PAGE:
Setting Personal Boundaries-Day 68 To 70 Of #365daysofselfcare

This blog is part of the #365daysofselfcare challenge

Self-care is respecting yourself enough to bravely enforce personal boundaries, even at the risk of disappointing others

self care instaPersonal boundaries are a vital part of our daily self-care. It sets the tone for how we wish to be treated, by others and by ourselves.

This is not something that I learned quickly. I have a tendency towards people pleasing and a massive fear of conflict. These two combined means I am at risk of letting my boundaries drop if I think I  will upset or disappoint someone by asserting them.

The trick to learning boundary setting, was in first learning to love and respect myself.

It was only when I realised my own worth, that I stopped needing others approval. Once I loved myself and knew myself as deserving of respect, I then began to feel brave enough to assert my needs and beliefs, even when that did mean having to say no to someone.

Making sure to set and assert my boundaries is now part of my daily self-care, in my personal life and in my work life. Boundaries can vary with different people in our lives and in different work situations.

There is no hard and fast rule, it is about finding out where your limit is, with particular people and in various situations, what you are willing to compromise and what you insist on sticking too.

In my situation, with the amount of open sharing I do, setting boundaries can be somewhat complicated. My boundaries when I share via video or written form are much easier to enforce. I know how open I want to be and I never go beyond that.  However, when talking directly to people, either online or face to face, boundaries can be more difficult to enforce.

When I am wearing my work hat, if I am asked questions, I will share openly about myself if it will benefit that person. However, when I take my work hat off, I am much stricter in the number of questions I will answer. The issue is that people see I talk frankly about myself online and they can think that it is OK to for them, in turn, to share with people they know, about things I have said, or they think it is OK to quiz me constantly on very personal topics. I can find it hard at times to alternate between the two hats I wear, the work/public Finn and the social/private Finn.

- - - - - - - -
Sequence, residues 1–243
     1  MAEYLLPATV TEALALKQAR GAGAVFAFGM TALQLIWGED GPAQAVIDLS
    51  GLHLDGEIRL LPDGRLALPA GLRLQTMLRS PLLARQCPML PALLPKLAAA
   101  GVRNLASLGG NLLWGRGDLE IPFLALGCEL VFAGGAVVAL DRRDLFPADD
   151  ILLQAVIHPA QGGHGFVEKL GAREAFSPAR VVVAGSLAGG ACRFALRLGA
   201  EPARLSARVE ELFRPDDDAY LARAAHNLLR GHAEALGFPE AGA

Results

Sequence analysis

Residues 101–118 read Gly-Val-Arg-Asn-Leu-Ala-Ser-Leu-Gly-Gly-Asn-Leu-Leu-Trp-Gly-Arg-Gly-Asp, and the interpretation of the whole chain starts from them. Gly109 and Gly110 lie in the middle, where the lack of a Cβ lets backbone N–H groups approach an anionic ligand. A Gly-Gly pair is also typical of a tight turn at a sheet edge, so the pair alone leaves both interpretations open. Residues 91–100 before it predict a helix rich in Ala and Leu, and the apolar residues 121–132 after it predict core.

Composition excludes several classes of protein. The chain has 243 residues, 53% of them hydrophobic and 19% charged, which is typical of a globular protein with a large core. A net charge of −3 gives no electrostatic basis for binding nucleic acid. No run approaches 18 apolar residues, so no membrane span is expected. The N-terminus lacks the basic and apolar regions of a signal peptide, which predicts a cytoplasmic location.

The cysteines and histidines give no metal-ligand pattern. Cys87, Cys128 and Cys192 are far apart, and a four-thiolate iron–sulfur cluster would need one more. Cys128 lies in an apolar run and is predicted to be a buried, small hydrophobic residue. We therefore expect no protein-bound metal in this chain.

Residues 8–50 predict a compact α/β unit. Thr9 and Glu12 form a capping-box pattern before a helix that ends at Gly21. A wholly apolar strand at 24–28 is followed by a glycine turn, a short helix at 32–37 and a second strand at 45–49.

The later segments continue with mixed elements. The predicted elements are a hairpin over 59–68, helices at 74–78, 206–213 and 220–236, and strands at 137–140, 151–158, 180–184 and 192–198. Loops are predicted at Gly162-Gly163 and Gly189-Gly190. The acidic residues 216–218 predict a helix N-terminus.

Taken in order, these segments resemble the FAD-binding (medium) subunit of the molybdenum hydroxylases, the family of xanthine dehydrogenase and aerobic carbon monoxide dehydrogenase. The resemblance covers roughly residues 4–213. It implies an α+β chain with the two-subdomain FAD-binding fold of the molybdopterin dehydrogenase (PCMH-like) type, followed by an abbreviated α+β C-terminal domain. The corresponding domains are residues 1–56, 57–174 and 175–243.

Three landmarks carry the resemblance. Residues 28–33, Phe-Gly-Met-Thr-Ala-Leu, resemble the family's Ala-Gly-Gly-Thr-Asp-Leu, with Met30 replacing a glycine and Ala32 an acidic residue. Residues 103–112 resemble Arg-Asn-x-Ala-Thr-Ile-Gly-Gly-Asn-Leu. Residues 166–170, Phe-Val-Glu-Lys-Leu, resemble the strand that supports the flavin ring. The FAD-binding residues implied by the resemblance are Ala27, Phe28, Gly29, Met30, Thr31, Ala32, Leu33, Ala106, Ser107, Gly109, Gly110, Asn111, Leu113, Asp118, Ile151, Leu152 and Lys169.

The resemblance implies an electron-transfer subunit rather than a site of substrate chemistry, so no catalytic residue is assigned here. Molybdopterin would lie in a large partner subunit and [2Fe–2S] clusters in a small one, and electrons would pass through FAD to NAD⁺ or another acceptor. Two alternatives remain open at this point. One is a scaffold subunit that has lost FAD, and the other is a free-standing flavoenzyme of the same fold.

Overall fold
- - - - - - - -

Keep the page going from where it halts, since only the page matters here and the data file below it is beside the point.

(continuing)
With my established friendship group I have a tried and tested formula which works, but when new people come into my life, everything is thrown off balance.

Therefore it is important that boundaries are revisited continuously as our work, and personal situations change. This is something I have become acutely aware of over this last week. For example, in my now branching out into writing, I am sharing even more of my self. The memoir I am writing and the personal essays I am submitting for publishing contains incidents I have not mentioned publically before. I need to reflect on how much I am willing to share and the repercussions from this.

Additionally, I have a new partner in my life and with him comes his family and friends.  I have to get to know the dynamics in our new relationship, and what each of us expects of the other. In entering his family and social circle, they are understandably curious about my being trans. However, I have to be balanced between answering some of their questions and saying no when I feel I have given enough of my personal self.

My tendency towards people pleasing and my fear of upsetting people has not left me, I have just learnt to be mindful of it and keep it in check.

With new people in my life and new opportunities, I want to, of course, be the best me. However, this need, if I am not careful, can cause me to lower my boundaries and let people treat me in ways I do not wish to be treated. I must remind myself that being my best self and being loved, should never come at the expense of my values and wellbeing.